As our lives become more dependent upon instant communication, a growing number of people are purchasing some type of mobile device allowing on the spot Internet access. In “The mobile web in numbers,”  Royal Pingdom offered the following statistics regarding mobile devices and the massive amount of data trafficked and consumed by their users:

  • 5.9 billion – The estimated number of mobile subscriptions worldwide in 2011.
  • 13% – The smartphone share of all mobile handsets in use worldwide.
  • 78% – The percentage of worldwide mobile data traffic that is consumed by smartphones.
  • 1.6 billion – Number of mobile devices sold to end users in 2010, an increase of almost 32% compared to the year before.
  • 19% – The percentage of worldwide mobile devices sold that were smartphones.
  • 472 million – Number of smartphones estimated to be sold worldwide in 2011.
  • 982 million – Estimated number of smartphones to be sold in 2015.
  • 80% – The share of devices accessing mobile websites that have a touchscreen.
  • 50 million – The number of people worldwide who have a mobile phone but that do not have electricity at home. In other words, mobile access has further reach than electricity.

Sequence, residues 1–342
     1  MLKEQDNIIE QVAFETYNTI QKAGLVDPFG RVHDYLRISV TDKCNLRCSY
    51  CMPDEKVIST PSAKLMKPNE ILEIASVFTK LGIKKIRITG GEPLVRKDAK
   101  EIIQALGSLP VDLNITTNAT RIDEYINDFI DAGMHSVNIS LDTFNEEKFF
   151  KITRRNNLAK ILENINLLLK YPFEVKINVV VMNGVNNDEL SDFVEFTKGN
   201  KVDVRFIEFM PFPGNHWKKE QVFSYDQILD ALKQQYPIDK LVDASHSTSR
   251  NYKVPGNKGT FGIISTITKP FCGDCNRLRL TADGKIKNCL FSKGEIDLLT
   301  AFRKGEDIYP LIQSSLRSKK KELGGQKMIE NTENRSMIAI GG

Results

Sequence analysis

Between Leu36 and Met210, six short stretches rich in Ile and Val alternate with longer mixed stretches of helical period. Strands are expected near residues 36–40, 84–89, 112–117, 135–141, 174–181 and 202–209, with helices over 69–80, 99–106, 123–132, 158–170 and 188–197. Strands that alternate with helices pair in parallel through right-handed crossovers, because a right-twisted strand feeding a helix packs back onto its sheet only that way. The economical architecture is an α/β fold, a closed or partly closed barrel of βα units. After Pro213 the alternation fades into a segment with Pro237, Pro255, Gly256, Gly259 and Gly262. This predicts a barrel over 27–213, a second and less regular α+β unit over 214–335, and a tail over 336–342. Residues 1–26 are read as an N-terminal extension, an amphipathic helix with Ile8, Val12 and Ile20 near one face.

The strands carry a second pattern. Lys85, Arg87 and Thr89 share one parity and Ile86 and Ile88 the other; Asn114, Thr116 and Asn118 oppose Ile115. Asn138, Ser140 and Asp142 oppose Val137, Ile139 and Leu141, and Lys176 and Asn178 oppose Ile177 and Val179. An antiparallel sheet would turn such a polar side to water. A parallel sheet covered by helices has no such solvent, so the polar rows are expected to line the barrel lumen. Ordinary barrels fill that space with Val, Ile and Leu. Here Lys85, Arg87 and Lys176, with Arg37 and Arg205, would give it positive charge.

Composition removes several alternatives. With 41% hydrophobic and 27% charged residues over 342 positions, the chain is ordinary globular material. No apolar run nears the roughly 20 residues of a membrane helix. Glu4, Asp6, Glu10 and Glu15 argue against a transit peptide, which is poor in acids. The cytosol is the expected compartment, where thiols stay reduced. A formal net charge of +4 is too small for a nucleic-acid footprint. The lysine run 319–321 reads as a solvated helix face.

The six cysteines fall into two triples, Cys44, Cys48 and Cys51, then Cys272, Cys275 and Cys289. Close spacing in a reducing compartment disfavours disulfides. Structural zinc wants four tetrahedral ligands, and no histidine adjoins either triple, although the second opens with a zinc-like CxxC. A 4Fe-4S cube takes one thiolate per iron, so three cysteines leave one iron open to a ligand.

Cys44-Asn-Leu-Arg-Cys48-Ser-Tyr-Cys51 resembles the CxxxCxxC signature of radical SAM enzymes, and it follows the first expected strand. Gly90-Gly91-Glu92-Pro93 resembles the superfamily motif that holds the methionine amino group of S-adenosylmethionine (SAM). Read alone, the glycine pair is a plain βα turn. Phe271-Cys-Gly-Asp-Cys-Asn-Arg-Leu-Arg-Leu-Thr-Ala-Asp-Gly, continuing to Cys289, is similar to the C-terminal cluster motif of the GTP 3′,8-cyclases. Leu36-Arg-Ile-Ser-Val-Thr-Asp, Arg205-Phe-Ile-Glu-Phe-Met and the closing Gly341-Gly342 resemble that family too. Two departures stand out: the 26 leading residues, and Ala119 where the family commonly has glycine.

In addition, they went on to cite the following statistics for mobile web browsing:

With numbers like this, it’s easy to see how important it is for consumers  to protect themselves when accessing the Internet from some form of mobile device.   In a report entitled “Today’s Mobile Cybersecurity Protected, Secured and Unified,”  CTIA, The Wireless Association suggests adhering to the following practices :

  • Configure Devices to Be more Secure – Smartphones and other  mobile devices have password features that lock the devices on a scheduled basis. After a predetermined period of time of inactivity (e.g., one minute, two minutes, etc.) the device requires the correct PIN or password to be entered. Encryption, remote-wipecapabilities and – depending on the operating system – anti-virus software may also serve to improve security.